The Korea Herald


S. Korea to tighten mortgage rules to rein in household debt

40-year mortgage loans to be introduced in H2 for young house buyers

By Park Han-na

Published : April 29, 2021 - 16:36

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Finance Minister Hong Nam-ki speaks during an emergency economic council meeting held at the Export-Import Bank of Korea on Thursday. (The Ministry of Economy and Finance) Finance Minister Hong Nam-ki speaks during an emergency economic council meeting held at the Export-Import Bank of Korea on Thursday. (The Ministry of Economy and Finance)

South Korea unveiled Thursday a set of measures aimed at mitigating risks from the growing household debt burden and bringing the debt growth rate down to levels comparable to before the coronavirus hit the country.

“In the course of responding to the COVID-19 crisis last year, the increase in household debt has inevitably expanded. We will manage to revert the household debt growth rate to pre-coronavirus levels,” Finance Minister Hong Nam-ki said while presiding over an emergency economic council meeting.

Asia’s fourth-largest economy saw a rapid rise in household debt last year, largely due to increased borrowing to make ends meet in the aftermath of the COVID-19 pandemic and to fund stock investments amid record-low interest rates.

Household debt, which grew more and faster here than in other major economies, has been cited as a major potential risk for the country’s financial system.

At the end of last year, outstanding debt held by Korean households reached 1,726.1 trillion won ($1.52 trillion), up 7.9 percent from a year ago. In 2019, household debt grew 4.1 percent.

“The government plans to lower the rate to a range of 5-6 percent this year and to the 4 percent level in 2022,” Hong said.

The new regulations announced Thursday centered on implementing stricter screening rules for mortgage loans while blocking lending practices that could lead to real estate speculation.

According to the Financial Services Commission, the country’s top regulator, it will expand the proportion of borrowers subject to the 40 percent rule for the debt service ratio, a measurement of the cash flow available to pay current debt obligations. This will be done in phases, with the rule applying by July 2023 to all borrowers whose total loans exceed 100 million won.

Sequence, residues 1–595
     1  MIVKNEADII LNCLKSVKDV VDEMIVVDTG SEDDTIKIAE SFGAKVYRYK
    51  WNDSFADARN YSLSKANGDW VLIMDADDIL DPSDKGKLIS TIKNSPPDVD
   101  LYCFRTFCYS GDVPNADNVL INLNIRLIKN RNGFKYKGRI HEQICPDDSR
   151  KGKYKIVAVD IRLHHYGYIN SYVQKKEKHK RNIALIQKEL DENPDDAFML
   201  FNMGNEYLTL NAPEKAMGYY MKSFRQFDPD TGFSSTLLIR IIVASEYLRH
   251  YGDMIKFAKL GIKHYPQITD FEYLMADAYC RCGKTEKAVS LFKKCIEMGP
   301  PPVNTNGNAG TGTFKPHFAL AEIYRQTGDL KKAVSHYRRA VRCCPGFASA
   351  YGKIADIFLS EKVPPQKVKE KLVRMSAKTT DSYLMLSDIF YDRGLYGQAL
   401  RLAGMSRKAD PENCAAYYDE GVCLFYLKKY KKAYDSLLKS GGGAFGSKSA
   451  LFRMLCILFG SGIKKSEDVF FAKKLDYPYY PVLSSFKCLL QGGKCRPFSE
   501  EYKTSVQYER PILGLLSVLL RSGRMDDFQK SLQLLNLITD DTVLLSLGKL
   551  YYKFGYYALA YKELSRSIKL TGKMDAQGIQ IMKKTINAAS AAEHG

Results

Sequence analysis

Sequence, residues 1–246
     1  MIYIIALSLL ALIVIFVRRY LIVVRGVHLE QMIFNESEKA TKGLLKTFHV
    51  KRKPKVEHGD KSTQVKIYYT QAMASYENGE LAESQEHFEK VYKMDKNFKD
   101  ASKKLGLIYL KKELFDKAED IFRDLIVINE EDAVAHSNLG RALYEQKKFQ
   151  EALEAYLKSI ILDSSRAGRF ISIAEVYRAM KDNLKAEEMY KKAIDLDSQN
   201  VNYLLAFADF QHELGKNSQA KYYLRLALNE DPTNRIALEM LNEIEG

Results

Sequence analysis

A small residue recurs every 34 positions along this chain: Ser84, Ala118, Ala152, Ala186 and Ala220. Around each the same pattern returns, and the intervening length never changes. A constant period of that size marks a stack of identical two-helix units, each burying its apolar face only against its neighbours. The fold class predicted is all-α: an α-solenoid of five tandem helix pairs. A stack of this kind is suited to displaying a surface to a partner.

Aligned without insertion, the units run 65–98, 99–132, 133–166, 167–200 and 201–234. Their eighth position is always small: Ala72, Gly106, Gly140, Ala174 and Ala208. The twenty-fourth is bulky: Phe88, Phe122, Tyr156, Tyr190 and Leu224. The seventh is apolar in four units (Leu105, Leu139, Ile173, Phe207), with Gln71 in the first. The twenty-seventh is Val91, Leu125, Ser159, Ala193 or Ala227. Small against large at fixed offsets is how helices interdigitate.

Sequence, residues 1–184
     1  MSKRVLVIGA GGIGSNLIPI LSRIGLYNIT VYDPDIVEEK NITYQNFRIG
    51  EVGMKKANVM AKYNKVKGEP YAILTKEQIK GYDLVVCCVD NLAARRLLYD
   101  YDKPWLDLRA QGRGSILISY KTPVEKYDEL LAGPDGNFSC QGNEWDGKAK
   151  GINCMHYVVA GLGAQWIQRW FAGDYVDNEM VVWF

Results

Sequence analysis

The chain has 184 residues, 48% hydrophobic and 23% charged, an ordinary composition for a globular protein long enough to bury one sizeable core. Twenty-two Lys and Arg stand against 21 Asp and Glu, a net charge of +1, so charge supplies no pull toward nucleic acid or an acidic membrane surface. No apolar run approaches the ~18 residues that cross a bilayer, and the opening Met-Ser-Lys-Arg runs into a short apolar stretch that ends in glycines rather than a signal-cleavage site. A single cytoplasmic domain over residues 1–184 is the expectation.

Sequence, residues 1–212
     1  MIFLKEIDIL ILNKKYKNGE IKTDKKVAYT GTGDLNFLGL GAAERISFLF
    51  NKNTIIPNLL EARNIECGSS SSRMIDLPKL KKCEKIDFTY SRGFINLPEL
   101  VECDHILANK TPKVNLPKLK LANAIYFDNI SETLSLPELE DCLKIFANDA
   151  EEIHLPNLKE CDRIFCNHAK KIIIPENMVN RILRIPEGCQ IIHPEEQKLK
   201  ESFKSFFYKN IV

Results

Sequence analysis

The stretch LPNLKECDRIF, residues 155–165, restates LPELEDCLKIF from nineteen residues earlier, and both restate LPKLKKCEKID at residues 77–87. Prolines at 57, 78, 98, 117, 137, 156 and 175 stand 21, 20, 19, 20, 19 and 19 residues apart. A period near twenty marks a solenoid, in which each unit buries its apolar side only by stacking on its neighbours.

Currently, the requirement applies only to those who seek to borrow money to purchase homes worth more than 900 million won in speculative areas or high-income earners with annual salaries of more than 80 million won applying for credit loans in excess of 100 million won.

In July this year, as the first phase of the three-phase plan, the 40 percent debt service ratio rule will apply for the purchase of homes valued at 600 million won or more.

The scope of properties subject to lending restrictions, including debt service ratio and loan-to-value ratio restrictions, will be widened to include land, shopping arcades and officetels -- multipurpose buildings with both residential and commercial units.

The aim is to strengthen lending standards and prevent lending from fueling real estate speculation. Calls for such measures grew after employees of the state-run Korea Land and Housing were found to have taken out loans to buy farmland in districts southwest of Seoul ahead of their designation by the government as candidate sites for development projects.

For young adults struggling to get mortgages to buy homes due to their current income, the government will provide guidelines for banks that factor in future income that the borrowers can be expected to generate.

Forty-year mortgage loans will be introduced in the second half of this year for the first time to allow young buyers aged below 39 years and newlyweds to pay relatively low rates over a longer term.

Banks will be obligated to accumulate additional capital in relation to the proportion of household loans to total loans extended.

If the obligation is not fulfilled, the financial authorities will impose restrictions on the bank’s dividends, treasury stock purchases and performance-linked bonuses, the FSC said.

By Park Han-na (